Last month, I was down in Tampa at the Gun Rights Policy Conference. About midway through day one, I was listening to a speaker when there was a sudden, unassuming tap on my shoulder. I twisted around in my chair and saw General Allen Youngman, one of Tom Givens’ many high-flying friends. With politely hushed tones and a subtle gesture, Gen. Youngman led me out into the lobby for a chat. Since I had only just met him about thirty minutes earlier (thanks to Tom), I had no idea what he could possibly want to discuss with me. But (1) he’s got that awesome white hair and an aura of humble command that just kind of makes you do whatever he says, and (2) he’s a freaking General. So, with a dutiful “Yes, sir,” I followed him outside.
Five minutes later, I was busy collecting my jaw from its crash site on the carpet. Gen. Youngman had asked me if I would be interested in speaking on small arms policy at the United Nations. The who? I’m sorry, what? Are you mixing me up with some other short, chubby black girl at this conference? Oh wait, scratch that…
As gobsmacked as I was to even be considered, I wasn’t boiling over with confidence that this thing would actually happen. The invitation was peppered with various iterations of “we’ll see” and “can’t say for sure” and “nothing’s final yet” and other such caveats. But the grand poobah of provisos was Gen. Youngman’s warning that the final decision would have to be made by a board or committee of some sort… which happens to be based in Germany… and is comprised of bigwigs from nine or ten different countries. So I privately revelled in the thought for a while and then filed it away in the “Dream On” drawer.
Oh, so wrong was I! Ten days and a few dozen emails, text messages, and phone calls later, I snagged myself a last-minute flight to the Big Apple. It was on! Somehow, some way, this chubby black girl was about to give an address to the First Committee of the United Nations General Assembly. [Insert image of me doing my happy dance.]
There were, I think, 24 or 25 NGO speakers raring to go. General Youngman was there for the Defense Small Arms Advisory Council (DSAAC). Other speakers appeared for the Sporting and Ammunition Manufacturers’ Institute, the National Firearms Association of Canada, and the World Forum on Shooting Activities (WFSA). I was there for the Second Amendment Foundation (under the wider umbrella of the WFSA). The other 20-some-odd speakers were all opposed to firearms. We were, ironically, out-gunned. I should have expected as much when I saw this sculpture at the entrance to the UN building:
But let’s back up a few days to when I was at home looking more or less like this…
The most difficult part for me was cutting down my speech down to three minutes. I was repeatedly told that the time limits were very strict and would be rabidly enforced. (Incidentally, several of the anti-gun speakers droned on for much longer than three minutes with zero consequence. So, yet again, it’s the gun people who bend over backwards to follow the rules, while the anti-gunners take liberties. But I digress…)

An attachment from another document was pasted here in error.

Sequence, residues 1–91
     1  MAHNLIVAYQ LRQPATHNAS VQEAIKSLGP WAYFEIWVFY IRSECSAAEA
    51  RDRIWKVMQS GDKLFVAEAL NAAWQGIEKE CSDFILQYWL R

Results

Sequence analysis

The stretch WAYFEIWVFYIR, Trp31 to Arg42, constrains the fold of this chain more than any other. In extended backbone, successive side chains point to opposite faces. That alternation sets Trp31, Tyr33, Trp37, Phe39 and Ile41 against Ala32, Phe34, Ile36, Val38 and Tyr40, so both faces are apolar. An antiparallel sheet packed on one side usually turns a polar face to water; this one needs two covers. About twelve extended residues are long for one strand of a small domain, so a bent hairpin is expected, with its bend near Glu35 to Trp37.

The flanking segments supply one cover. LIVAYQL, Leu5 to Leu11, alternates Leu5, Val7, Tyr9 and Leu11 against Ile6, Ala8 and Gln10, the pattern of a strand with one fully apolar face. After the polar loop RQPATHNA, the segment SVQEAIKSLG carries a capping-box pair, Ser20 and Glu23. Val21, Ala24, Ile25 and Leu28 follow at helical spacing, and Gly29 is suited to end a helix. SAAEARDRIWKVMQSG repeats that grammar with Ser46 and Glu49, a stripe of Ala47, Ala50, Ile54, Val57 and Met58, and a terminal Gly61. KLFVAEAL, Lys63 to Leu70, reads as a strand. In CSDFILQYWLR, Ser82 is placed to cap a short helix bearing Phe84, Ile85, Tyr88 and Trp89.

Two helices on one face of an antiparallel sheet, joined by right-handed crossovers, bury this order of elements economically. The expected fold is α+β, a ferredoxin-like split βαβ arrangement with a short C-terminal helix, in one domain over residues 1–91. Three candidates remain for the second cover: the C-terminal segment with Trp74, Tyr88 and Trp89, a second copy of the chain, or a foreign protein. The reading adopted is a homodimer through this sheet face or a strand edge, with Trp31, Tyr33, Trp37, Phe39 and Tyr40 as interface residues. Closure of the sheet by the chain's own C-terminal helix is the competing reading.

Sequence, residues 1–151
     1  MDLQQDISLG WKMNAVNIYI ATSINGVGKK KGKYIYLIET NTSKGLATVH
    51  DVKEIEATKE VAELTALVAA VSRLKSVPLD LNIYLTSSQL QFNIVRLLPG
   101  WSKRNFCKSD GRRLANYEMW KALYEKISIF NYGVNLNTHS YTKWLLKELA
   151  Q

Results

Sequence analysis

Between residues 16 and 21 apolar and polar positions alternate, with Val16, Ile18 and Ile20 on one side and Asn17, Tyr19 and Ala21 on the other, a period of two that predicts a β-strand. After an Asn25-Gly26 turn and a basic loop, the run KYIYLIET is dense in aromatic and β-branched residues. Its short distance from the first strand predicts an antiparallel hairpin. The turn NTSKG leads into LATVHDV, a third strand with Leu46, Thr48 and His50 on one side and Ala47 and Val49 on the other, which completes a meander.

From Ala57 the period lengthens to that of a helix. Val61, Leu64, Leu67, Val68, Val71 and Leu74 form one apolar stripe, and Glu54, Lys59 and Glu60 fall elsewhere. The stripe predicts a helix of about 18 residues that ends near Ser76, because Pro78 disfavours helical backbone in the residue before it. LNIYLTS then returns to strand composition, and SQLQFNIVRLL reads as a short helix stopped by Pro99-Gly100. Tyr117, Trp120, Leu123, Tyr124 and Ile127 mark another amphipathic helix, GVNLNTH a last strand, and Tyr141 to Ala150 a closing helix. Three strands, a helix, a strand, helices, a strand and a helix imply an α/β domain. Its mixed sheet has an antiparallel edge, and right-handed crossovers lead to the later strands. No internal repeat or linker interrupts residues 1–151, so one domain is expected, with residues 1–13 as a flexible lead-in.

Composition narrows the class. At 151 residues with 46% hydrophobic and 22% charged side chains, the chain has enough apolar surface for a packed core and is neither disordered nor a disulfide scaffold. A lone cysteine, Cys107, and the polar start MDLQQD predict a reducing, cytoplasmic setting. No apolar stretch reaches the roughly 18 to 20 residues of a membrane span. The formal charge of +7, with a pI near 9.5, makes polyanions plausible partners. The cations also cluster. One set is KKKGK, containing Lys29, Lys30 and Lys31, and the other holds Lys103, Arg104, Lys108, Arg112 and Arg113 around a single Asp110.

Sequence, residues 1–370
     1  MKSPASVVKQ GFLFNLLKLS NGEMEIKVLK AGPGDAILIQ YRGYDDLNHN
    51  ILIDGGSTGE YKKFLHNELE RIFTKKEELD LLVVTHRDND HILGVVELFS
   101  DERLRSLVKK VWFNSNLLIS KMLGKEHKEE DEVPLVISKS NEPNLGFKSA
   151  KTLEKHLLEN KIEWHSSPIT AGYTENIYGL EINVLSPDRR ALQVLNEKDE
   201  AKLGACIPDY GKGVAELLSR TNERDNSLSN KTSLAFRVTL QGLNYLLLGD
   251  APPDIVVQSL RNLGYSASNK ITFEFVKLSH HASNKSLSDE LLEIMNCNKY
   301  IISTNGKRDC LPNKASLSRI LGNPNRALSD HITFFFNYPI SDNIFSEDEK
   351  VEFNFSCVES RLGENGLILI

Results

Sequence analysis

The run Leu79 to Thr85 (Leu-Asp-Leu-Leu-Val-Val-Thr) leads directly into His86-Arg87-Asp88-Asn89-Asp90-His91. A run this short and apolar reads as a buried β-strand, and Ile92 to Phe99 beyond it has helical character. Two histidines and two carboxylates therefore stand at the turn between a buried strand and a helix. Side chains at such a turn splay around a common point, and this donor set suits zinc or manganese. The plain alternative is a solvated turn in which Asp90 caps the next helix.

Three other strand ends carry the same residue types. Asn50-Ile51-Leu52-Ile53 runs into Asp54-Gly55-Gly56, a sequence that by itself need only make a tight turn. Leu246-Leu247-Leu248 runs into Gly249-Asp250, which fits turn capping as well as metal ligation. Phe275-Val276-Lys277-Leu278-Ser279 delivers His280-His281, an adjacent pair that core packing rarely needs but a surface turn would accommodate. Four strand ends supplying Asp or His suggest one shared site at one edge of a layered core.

In my (apparently pointless) effort to respect the imposed time limits, the editing process for my speech had been quite the roller-coaster. It included several rounds of emailing written drafts and audio recordings back and forth to Gen. Youngman for feedback (he was tremendously helpful, by the way). In one version, I spoke about a recent meeting of the Faculty Senate, where a colleague of mine rose in opposition to campus carry. She was gravely concerned that an emotionally disturbed student or professional adversary might come after her with a gun. I explained how I favored campus carry for precisely the same reason.
But that got cut.
Another version put guns in the same category as chainsaws, blowtorches, and other potentially dangerous tools. As Hollywood has monetized more than once, a psycho with a chainsaw can easily wreak unspeakable havoc. And yet, no one asks the lumberjack to forfeit his most effective implement and fell the forest with his bare hands. Why not? Because they trust him to wield that chainsaw safely and only within the limited context for which it was designed. Gun-owners deserve the same level of trust, at least until their actions suggest otherwise.
Alas, that got cut too.
I also had a mildly passive-aggressive quip in there about all the Secret Service personnel and other armed security guards assigned to protect the UN delegates and dignitaries, while folks like me enjoyed no such luxuries. I think that one might have been a bit too wag-of-the-finger, so it got chopped as well. At one point, one of the powers-that-be had edited my draft to say something about supporting efforts to “reduce the availability of illicit firearms.” While I liked the rhetorical tactic of throwing a bone to our opponents, I tweaked that language to condemn “illicit violence” rather than “illicit firearms.” Guns themselves are not “illicit.” Only certain behaviors are.